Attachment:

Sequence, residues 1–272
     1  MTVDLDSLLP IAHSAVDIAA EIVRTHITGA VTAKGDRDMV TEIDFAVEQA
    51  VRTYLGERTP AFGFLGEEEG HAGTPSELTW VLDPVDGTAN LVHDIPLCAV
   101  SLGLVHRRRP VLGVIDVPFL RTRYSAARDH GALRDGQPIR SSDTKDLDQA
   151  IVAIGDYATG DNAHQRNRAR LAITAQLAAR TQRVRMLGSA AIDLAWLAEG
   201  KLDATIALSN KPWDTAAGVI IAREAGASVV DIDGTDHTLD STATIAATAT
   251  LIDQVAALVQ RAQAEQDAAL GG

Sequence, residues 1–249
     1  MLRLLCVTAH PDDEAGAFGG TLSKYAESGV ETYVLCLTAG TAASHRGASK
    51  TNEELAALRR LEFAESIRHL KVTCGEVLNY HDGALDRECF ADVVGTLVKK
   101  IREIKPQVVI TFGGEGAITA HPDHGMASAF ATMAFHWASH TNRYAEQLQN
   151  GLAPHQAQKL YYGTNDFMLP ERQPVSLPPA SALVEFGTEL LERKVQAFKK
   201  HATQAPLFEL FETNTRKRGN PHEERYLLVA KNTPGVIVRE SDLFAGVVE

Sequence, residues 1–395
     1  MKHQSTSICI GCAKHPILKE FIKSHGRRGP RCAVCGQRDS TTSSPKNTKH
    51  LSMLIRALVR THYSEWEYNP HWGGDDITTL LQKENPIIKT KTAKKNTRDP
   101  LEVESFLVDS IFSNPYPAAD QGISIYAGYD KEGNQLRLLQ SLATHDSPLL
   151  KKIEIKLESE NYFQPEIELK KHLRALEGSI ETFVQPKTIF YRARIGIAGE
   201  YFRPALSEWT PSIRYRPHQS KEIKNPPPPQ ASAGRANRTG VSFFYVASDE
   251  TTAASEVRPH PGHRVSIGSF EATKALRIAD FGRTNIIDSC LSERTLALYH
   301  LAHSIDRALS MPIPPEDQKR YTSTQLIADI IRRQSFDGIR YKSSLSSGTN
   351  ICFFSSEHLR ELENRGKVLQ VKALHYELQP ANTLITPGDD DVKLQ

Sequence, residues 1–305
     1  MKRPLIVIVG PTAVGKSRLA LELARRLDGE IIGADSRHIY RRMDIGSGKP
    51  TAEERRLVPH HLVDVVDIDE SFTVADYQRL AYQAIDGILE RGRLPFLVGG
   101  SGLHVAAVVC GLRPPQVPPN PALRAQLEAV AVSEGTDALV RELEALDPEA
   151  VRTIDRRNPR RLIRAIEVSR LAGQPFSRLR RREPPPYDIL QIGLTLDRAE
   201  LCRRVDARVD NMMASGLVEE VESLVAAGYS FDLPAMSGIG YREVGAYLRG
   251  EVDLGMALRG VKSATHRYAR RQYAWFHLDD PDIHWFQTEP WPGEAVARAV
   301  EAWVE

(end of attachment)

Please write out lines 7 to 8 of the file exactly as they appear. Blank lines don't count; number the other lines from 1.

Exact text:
   251  LIDQVAALVQ RAQAEQDAAL GG

Sequence, residues 1–249